Social media is a powerful marketing tool for any number of reasons – not the least of which is that it provides a platform for your brand’s personality. This assumes, of course, that you know what your brand’s personality (or voice, as we can also call it) is. We’ve talked about the importance of developing personas for your customers before, and the exercise – and its importance – is no different when it comes to you.

Just ask yourself – “What is our brand voice?” What type of language and overall personality comes through in your Facebook posts, tweets, blog posts, comments, replies, etc.? Is there consistency? Is there character?

If you’re like a lot of organizations, you may have a vague sense of what the answers to these questions are, but don’t have anything concrete and official in place. Or worse, your brand voice on social is that of whatever intern or first-year employee you have managing your social presence.

The easiest way to avoid this type of brand cognitive dissent/brand disconnect is also the most effective: Sit down and define it. Take 30 minutes and as comprehensively as possible, define what your brand voice is – or will be from that moment forward – throughout its social presence and all touchpoints. List out 3-5 personality traits (happy, friendly, helpful, etc.) you want to come through no matter where someone interacts with your social presence. And once you do commit it to memory and make sure everyone in a position to act as a representative of the brand on social is completely and clearly aware of it.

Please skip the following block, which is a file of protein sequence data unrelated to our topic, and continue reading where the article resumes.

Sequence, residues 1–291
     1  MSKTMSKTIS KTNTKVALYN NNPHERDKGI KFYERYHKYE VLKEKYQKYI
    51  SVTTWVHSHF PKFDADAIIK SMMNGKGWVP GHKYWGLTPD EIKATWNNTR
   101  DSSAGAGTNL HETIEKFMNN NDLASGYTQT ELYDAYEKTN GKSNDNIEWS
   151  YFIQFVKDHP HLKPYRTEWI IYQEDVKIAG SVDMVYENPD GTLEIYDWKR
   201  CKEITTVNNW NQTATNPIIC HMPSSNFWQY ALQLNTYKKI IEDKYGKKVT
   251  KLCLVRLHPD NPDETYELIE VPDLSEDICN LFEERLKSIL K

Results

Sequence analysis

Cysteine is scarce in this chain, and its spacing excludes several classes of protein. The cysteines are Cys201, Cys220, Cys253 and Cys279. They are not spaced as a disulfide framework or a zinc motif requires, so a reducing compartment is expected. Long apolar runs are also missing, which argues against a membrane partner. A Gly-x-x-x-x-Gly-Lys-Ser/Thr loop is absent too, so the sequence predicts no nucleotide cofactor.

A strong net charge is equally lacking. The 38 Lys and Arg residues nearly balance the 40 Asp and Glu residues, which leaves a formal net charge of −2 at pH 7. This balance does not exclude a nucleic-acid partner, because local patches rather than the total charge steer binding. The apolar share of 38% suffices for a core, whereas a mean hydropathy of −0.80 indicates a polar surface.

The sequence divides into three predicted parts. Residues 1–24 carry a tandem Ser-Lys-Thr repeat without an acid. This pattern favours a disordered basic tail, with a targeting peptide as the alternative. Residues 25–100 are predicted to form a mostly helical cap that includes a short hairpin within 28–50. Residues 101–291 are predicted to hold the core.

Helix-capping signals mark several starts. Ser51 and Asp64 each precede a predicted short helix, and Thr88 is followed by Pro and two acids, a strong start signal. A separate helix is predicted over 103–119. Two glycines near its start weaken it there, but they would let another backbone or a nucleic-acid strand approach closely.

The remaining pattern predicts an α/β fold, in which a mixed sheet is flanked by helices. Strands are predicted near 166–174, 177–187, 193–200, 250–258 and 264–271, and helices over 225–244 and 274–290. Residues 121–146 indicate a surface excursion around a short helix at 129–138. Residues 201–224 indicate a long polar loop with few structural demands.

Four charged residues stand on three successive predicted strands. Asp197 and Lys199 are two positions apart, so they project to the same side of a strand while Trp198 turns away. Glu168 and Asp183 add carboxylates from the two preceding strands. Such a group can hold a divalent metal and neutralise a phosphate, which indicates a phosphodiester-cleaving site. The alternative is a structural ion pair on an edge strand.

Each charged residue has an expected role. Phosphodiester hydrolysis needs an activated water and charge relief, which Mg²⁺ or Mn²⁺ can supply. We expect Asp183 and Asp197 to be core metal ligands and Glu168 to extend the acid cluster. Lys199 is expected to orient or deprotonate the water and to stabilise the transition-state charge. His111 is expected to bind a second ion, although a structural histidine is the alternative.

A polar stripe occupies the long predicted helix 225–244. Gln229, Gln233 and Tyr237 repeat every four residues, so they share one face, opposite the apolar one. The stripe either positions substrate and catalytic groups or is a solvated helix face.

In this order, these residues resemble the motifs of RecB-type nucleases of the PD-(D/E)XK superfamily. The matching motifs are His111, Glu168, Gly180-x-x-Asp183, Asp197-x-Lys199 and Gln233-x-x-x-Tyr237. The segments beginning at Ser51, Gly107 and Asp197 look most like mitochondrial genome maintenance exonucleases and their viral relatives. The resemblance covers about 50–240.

It’s important to understand your customer personas. It’s no less important and valuable to define and understand your brand’s persona. After all, it’s much easier for your audience to know who you are once you truly do.

Tear down this wall!

A website is like a work of art.social_media

If you close your eyes and concentrate hard enough, you can just picture a web developer uttering that very phrase.The funny thing is, it’s true. A website can be like a work of art – but sometimes for all the wrong reasons.

After all, when you think of an actual, literal work of art, what comes to mind? Something hanging on a wall…in a museum…behind a rope. Don’t touch!